Kate Walsh, president and CEO of Boston Medical Center, echoed Brown’s commitment to continuing to provide first-rate medical care for all. Walsh says conversations to date suggest that a strategic partnership may strengthen the missions of both medical centers and that “an affiliation that secures a long, bright future of continuing to provide exceptional care without exception would be of great interest to us.”
She says a partnership with Tufts Medical Center could have great potential benefits, including new options to serve patients, greater financial resources, and a larger referral network to attract new patients and better payments from insurers.
“Tufts Medical Center is our neighbor,” says Walsh. “We know them, we respect them, we share a common geography and a commitment to providing high-quality care to all patients. We also share a mutual commitment to our academic missions of teaching and research.”
Over the last 20 years, changes in health care models have made hospital partnerships and mergers a virtual requirement for a sustainable health care business, particularly in the Boston area. In 1994, Massachusetts General and Brigham and Women’s teaching hospitals teamed up to form Partners Health Care, which has since brought in several community hospitals around Boston. In a rival venture, Steward Health Care has, in the past few years, taken over 10 community hospitals as well at St. Elizabeth’s and Carney hospitals. Earlier this year, Beth Israel Deaconess Medical Center took control of Jordan Hospital in Plymouth and formed a joint venture with New England Baptist Hospital. Antman says many observers of Boston’s crowded health care arena consider a merger involving Boston Medical Center to be long overdue.
Similarly, changes in health care payments combined with cuts in research funding have hit academic medical centers particularly hard. An alliance between Tufts and BMC could produce efficiencies of scale, Antman says.
Walsh cautioned that while the two medical centers have much in common, “there is more work we need to do before we will know whether a partnership is the best option for our employees, and most importantly, our patients.”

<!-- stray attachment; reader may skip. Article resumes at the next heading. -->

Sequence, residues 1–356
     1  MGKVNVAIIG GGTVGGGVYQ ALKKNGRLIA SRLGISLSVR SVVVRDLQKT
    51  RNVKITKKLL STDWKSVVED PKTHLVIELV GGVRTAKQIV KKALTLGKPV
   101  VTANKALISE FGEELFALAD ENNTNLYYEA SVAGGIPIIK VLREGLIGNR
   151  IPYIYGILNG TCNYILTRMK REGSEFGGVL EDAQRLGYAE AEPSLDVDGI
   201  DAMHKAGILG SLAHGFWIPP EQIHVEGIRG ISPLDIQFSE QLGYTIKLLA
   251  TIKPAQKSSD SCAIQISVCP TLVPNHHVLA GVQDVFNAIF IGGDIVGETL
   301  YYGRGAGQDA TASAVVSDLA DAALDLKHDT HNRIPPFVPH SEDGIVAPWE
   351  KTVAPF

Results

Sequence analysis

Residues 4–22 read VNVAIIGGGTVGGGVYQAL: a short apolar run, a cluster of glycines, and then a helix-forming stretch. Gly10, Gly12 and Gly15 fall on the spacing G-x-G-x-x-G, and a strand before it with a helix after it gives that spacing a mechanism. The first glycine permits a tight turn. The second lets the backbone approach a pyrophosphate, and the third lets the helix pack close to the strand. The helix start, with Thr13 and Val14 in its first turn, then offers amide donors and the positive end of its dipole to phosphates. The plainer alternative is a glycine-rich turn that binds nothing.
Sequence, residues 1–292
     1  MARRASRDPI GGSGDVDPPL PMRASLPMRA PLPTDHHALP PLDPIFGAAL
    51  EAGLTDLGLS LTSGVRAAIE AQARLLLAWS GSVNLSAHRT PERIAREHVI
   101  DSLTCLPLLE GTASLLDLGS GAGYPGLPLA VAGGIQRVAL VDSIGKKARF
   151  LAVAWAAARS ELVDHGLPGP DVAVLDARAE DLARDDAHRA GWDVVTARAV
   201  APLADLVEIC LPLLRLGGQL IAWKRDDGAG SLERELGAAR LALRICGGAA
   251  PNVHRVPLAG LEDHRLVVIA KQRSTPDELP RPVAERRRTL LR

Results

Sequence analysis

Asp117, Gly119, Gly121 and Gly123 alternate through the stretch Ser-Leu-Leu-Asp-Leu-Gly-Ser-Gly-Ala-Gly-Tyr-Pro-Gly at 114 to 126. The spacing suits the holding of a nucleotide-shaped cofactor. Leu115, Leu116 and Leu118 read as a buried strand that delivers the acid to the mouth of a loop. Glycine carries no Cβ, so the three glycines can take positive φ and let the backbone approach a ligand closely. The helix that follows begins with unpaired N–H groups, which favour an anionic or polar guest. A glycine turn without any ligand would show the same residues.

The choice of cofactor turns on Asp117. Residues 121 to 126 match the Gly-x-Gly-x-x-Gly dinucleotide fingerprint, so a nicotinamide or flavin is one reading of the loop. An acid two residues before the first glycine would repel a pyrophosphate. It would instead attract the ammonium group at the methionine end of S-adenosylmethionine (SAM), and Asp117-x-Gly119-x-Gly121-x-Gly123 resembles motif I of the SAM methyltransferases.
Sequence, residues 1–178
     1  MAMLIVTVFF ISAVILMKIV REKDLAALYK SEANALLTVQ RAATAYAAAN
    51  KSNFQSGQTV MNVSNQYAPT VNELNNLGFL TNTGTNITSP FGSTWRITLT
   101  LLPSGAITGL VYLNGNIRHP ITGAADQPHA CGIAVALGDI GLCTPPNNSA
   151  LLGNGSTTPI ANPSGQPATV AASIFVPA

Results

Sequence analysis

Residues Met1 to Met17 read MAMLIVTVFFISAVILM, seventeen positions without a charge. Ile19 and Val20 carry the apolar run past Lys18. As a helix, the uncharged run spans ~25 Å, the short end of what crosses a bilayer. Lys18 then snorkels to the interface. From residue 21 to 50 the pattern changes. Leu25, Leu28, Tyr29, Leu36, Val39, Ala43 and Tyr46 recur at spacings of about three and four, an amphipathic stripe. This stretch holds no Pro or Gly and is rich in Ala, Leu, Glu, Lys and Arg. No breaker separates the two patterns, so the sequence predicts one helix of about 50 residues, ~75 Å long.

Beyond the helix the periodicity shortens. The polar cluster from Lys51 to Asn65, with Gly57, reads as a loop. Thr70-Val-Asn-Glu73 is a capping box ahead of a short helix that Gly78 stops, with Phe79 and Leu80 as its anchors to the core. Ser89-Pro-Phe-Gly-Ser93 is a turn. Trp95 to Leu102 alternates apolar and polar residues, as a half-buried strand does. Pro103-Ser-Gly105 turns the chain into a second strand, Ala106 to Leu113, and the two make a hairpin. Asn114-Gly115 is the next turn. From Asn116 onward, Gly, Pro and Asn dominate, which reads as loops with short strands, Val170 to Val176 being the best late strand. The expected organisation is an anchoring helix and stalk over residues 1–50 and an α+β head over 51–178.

A combination of the two medical centers could result in significant change for clinical faculty at both schools of medicine. Boston Medical Center currently has 724 physicians, including the clinical faculty at the BU School of Medicine, and Tufts Medical Center employs 500. BMC officials say any partnership involving the two hospitals would take years to accomplish, and that the medical center would continue to offer a full range of services.
“We do not underestimate the anxiety that this will create among our clinical faculty,” Brown says. “We also understand that the hospitals, and not the universities, control the outcome of any discussion. We will do all we can to provide support and advocacy on behalf of our clinical faculty during what will be a period of uncertainty.”
If the two hospitals merge, the two medical schools would remain separate, each with its own faculty, curriculum, and rotations, called clerkships. The merger would have no impact on the number of students enrolled at the BU Medical School or on the size of the medical sciences faculty who teach at the school. However, the consolidation may result in fewer hospital beds, which might reduce the number of clerkships and residency slots available to BU and Tufts Medical students in the consolidated hospital. Currently, 45 percent of BU medical students do their clerkships at BMC while 35 percent of Tufts medical students do theirs at Tufts Medical Center.